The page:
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Acta Medica Medianae
Vol. 50, No 2, June, 2011

UDK 61
ISSN 0365-4478(Printed version)
ISSN 1821-2794(Online)


Correspondance to:

Zoran Bojanić

Institute of Pharmacology

Faculty of Medicine

18000 Niš, Serbia

E-mail: bojaniczoran@gmail.com

Review article                                                       

UDC: 615.015.2:615.214





Zoran Bojanić1, Novica Bojanić1, Vladmila Bojanić2 and Marko Lazović3


Institute of Pharmacology, Faculty of Medicine, University of Niš, Serbia 1

Institute of Pathophysiology, Faculty of Medicine, University of Niš, Serbia 2

Faculty of Medicine, University of Niš, Serbia 3


Diazepam is a benzodiazepine derivative with anxyolitic, anticonvulsant, hypnotic, sedative, skeletal muscle relaxant, antitremor, and amnestic activity. It is metabolized in the liver by the cytochrome P (CYP) 450 enzyme system. Diazepam is N-demethylated by CYP3A4 and CYP2C19 to the active metabolite N-desmethyldiazepam, and is hydroxylated by CYP3A4 to the active metabolite temazepam. N-desmethyl-diazepam and temazepam are both further metabolized to oxazepam. Concomitant intake of inhibitors or inducers of the CYP isozymes involved in the biotransformation of diazepam may alter plasma concentrations of this drug, although this effect is unlikely to be associated with clinically relevant interactions.

The goal of this article was to review the current literature on clinically relevant pharmacokinetic drug interactions with diazepam.

A search of MEDLINE and EMBASE was conducted for original research and review articles published in English between January 1971. and May 2011. Among the search terms were drug interactions, diazepam, pharmacokinetics, drug metabolism, and cytochrome P450. Only articles published in peer-reviewed journals were included, and meeting abstracts were excluded. The reference lists of relevant articles were hand-searched for additional publications.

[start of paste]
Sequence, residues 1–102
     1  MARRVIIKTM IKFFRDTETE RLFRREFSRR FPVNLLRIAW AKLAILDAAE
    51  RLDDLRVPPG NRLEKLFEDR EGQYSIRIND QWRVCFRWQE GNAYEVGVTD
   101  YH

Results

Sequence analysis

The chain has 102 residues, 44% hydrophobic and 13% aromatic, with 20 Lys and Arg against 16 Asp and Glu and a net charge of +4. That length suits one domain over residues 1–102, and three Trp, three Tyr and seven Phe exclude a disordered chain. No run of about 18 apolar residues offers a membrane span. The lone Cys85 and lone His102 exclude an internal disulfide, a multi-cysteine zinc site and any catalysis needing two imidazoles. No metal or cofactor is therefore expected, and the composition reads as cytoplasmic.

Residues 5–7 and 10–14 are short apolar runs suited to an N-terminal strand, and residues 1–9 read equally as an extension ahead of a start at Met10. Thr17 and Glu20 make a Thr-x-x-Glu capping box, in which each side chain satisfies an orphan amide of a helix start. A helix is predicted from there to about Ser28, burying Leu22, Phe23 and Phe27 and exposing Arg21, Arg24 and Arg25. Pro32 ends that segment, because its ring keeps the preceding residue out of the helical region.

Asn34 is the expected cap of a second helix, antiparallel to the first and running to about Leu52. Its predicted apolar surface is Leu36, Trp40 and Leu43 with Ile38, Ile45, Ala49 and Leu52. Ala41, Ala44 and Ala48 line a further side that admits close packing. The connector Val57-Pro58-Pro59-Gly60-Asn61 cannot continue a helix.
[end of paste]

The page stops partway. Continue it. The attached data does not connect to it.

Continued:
Diazepam is substantially sorbed by the plastics in flexible containers, volume control set chambers, and tubings of intravenous administration sets. Manufacturers recommend not mixing with any other drug or solution in syringe or solution, although diazepam is compatible in syringe with cimetidine and ranitidine, and in Y-site with cisatracurium, dobutamine, fentanyl, hydromorphone, methadone, morphine, nafcillin, quinidine gluconate, remifentanil, and sufentanil. Diazepam is compatible with: dextrose 5% in water, Ringers injection, Ringers injection lactated and sodium chloride 0.9%. Emulsified diazepam is compatible with Intralipid and Nutralipid.

Diazepam has low potential for pharmacokinetic drug interactions. Although interactions with diazepam may be predictable in specific circumstances, when diazepam is used with: analgesics, anesthetics, anticonvulsants, antipsychotics, anxiolytics/sedatives, barbiturates, hypnotics, MAO inhibitors, narcotics, sedative anihistamines, phenothiazines and other antidepressants, careful consideration is needed. Acta Medica Medianae 2011;50(2):76-82.


      Key words: diazepam, drug interactions, drug metabolism